Wednesday May 9

WEDNESDAY, MAY 9/ CHAHARSHANBEH, 19 ORDIBEHESHT. Iran. Starring Niki Karimi, Vahid Jalilvand.  Directed by Vahid Jlilvand.  102 minutes. Rated M (Mature themes).

This is a fine Iranian film. It can be said that for the last four decades, or even more, if one were to search national industries to find dramas that explored human values, often profoundly, Iran would have to be at the top or very near the top of the list. While the Iranians have made many movies for television, slight melodramas and popular comedies, their output in serious dramas has been extensive. SIGNIS (The World Association for Communication) has made numerous awards to their films.

The film opens, as the title suggests, on Wednesday, May 9, where an ad has been placed in the paper inviting people in difficult financial circumstances to come to an address and lay claim to an extensive grant. A mother and daughter appear, rather overwhelmed by the crowd, seeing the man in charge being taken away by the police, puzzled over what is happening with no one seeming to know and the police moving the crowd on. She then goes to work in a factory which processes chickens, phones her husband who has been in a serious accident and tells him she will be home late and that her daughter is with her.

Suddenly, the story comes to what seems an end and a new date appears on screen, from the preceding month, a new address. The thought comes that this is a film of different stories. Later, we find that it is not.

The second story packs more of an emotional punch than the first. It takes up the dominance of men in Iranian society and focuses on family themes of honour with consequent victimisation of a woman and a justification of violence against her. This episode is about a young woman who lives with relations and who is challenged by her male cousin about riding on the back of a motorbike with a young man – the cousin condemns her, then assaults her, which leads to a violent confrontation in the street with the young man and, what may seem strange to an audience, the young man being prosecuted for blood money and being taken to jail. What is to happen to the young woman?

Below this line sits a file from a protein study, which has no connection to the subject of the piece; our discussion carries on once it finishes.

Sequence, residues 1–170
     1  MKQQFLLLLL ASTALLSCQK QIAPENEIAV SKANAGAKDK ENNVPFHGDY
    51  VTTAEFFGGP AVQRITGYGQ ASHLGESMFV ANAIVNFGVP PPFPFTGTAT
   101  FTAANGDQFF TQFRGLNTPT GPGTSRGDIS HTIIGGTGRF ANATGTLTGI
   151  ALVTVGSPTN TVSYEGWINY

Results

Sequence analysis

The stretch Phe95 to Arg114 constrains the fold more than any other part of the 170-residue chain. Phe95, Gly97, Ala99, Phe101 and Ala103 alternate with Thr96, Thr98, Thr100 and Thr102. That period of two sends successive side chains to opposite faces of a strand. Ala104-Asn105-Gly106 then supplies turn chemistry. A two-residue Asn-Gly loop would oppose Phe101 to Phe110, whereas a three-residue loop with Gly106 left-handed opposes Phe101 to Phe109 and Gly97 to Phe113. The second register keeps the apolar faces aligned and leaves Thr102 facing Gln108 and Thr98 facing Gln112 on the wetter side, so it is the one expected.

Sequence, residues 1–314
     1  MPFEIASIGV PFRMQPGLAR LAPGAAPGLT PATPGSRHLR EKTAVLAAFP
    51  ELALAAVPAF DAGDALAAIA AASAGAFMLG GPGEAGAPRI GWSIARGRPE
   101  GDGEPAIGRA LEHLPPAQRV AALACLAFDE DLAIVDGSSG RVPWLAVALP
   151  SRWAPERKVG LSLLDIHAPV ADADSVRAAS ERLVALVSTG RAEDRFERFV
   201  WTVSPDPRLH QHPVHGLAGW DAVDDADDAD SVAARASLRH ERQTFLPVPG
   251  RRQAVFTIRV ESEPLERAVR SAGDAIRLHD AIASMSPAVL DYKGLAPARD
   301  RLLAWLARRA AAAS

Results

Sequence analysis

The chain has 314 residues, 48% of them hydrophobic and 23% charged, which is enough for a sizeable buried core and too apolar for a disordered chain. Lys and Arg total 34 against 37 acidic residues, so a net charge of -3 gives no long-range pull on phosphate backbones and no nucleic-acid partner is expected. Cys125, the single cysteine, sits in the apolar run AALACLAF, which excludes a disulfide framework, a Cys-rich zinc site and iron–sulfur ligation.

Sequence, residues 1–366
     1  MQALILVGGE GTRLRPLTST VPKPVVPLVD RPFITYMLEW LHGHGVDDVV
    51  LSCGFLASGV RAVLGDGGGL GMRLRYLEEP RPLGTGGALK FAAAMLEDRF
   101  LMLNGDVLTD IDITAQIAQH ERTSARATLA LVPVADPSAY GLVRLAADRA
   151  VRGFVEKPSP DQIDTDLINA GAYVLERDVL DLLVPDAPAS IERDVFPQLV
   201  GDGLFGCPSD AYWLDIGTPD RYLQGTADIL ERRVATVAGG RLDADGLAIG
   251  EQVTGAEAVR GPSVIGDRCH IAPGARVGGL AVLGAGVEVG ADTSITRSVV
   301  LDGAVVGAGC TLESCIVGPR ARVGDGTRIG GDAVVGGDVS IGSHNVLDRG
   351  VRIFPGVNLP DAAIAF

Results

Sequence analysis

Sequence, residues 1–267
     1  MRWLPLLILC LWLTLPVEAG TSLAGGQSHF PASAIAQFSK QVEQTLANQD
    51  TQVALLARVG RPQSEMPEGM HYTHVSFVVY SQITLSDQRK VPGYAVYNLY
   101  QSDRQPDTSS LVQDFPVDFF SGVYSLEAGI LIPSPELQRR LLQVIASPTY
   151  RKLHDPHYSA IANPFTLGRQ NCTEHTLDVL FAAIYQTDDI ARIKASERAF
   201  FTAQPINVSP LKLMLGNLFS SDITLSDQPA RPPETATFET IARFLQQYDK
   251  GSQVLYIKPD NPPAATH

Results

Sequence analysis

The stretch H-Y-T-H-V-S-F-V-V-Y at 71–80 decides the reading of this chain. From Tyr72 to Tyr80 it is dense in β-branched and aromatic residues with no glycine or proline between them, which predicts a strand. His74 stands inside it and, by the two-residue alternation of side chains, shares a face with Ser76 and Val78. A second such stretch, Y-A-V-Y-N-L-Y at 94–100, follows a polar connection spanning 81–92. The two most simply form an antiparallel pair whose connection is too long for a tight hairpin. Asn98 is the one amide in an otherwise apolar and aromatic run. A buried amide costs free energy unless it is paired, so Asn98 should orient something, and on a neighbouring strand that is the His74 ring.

But then we are back to May 9, the initial story starting over again but this time from inside the building where the man who placed the ad and works from his friend’s office has to deal with the crowds outside, the role of the police, the question of his motives for offering a grant to someone in need. We have already seen this man in his dealings with the mother and daughter, so it is not a surprise. But, as the day goes on, and the motivation of the man is revealed, we appreciate the tensions in his relationship with his wife, his being overwhelmed by the applications, and the interview with the young woman from the second story.

Once again, an Iranian director (who co-wrote the film and edited it as well as appearing as the older man offering the donation), we are given human dramas, an exploration of basic values, stories of humane concern.

Potential Films.       Released September 29th.

Peter Malone MSC is an Associate of the Australian Catholic Office for Film and Broadcasting.

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